Sixty years after Francis Crick predicted the central importance of protein synthesis, a new project aims to shed light on how it is controlled

  • 30
  • SEP
  • 2019

Rothamsted is to lead one of four UK consortia awarded a total of £14M to explore the fundamental biology of living systems, with the project set to be the biggest study into protein regulation ever attempted. 

Also involving University College London and the University of Cambridge, the BBSRC-funded project will use ‘-omic’ technologies and Big Data analysis to decipher the rules governing the regulation of protein abundance in plants. 

Protein regulation underpins many important agricultural traits with the two so-called ‘green revolutions’ - which resulted from the development of dwarf wheat and flood-tolerant rice varieties - being prime examples. 

Project lead Professor Freddie Theodoulou said despite it being more than six decades since Francis Crick proposed his Central Dogma of molecular biology - which states that information flows from DNA to RNA to protein - scientists still don’t fully understand how this process is controlled. 

She said: “This project provides a fantastic opportunity to tackle the important question of how plant proteins are regulated. 

“Plants are constantly producing, using and recycling proteins. Changes to the proteins in plant cells can have huge implications, affecting a cell’s size or role, and altering the plant’s nutritional value or response to environment changes.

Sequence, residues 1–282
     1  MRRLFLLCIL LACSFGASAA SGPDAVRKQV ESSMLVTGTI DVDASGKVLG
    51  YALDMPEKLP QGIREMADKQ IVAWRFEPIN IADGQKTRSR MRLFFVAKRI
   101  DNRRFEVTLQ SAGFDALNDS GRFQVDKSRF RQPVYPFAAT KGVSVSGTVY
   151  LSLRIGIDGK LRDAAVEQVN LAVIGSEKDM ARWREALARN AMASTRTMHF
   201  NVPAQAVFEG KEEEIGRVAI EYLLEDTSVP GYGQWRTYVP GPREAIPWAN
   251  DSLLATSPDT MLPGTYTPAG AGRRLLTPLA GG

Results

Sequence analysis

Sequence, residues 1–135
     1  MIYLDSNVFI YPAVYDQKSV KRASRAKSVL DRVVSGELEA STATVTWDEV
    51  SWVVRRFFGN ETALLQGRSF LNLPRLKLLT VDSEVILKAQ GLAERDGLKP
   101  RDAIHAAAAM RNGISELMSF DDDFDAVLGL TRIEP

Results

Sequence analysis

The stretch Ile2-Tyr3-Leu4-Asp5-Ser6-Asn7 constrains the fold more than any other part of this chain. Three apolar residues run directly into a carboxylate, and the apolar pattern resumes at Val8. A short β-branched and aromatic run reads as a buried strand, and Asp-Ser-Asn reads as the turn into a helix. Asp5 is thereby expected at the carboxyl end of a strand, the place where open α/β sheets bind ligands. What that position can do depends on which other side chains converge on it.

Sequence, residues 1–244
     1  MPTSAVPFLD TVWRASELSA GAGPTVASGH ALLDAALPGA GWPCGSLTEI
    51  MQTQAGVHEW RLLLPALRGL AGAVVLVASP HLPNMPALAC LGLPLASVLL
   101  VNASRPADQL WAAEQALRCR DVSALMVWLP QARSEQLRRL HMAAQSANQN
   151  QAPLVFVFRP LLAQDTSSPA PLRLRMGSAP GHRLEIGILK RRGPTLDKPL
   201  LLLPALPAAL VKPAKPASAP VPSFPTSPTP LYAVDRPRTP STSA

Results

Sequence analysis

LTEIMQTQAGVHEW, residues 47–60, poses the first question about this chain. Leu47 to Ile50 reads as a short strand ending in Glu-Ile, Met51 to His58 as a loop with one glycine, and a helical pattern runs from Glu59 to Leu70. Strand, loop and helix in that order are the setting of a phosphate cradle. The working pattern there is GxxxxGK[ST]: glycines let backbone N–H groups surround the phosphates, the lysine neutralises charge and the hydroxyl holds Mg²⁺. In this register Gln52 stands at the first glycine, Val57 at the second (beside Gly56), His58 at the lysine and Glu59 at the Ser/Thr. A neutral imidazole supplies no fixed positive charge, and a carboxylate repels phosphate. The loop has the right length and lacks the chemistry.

“For cells to work efficiently, proteins need to be produced in the right place, at the right time and in the right amount, and removed when no longer needed. There are many levels at which this process is regulated and there are still many gaps in our knowledge. 

“Our project seeks to use the model plant, Arabidopsis thaliana, to answer fundamental questions about the control of protein expression, including which mechanisms are important, and how they interact in a complex multi-cellular organism.” 

The team also aims to determine to what extent the protein content of a given cell, tissue or organ predicts observable traits, or phenotype, of the plant – which will be of great interest to commercial plant breeders. 

To address these questions, the group has designed an integrated programme of experiments and sophisticated mathematical analysis around a genetically variable “MAGIC” population of Arabidopsis

Multiparent Advanced Generation Inter-Cross (MAGIC) lines were created to improve methods of identifying the genetic variants that underlie observable traits. 

In total, these lines represent a large amount of natural genetic variation, but pinpointing the genes responsible for specific traits is much easier. 

Funded through the BBSCR’s strategic Longer Larger (sLoLa) grants call, the hope is to unpick the multiple regulatory layers between chromatin and protein, where knowledge of their relative importance and how they interact is incomplete. 

Professor Theodoulou said: “We expect to generate and test new hypotheses in the lifetime of the project but it’s also our vision to share the rich datasets and methodology that we will produce with the research community via our Knetminer knowledge resource. 

“We think this project has an important role to play in maintaining the UK’s leading position not just in plant science but also basic biology in general. To the best of our knowledge, no-one has attempted such a comprehensive a study on protein regulation, even in the medical world.” 

In addition to Rothamsted staff, Professor Kathryn Lilley, from the University of Cambridge, UCL's Professor Richard Mott, and Dr Gancho Slavov at Scion Research in New Zealand, will also be leading groups working on the new project.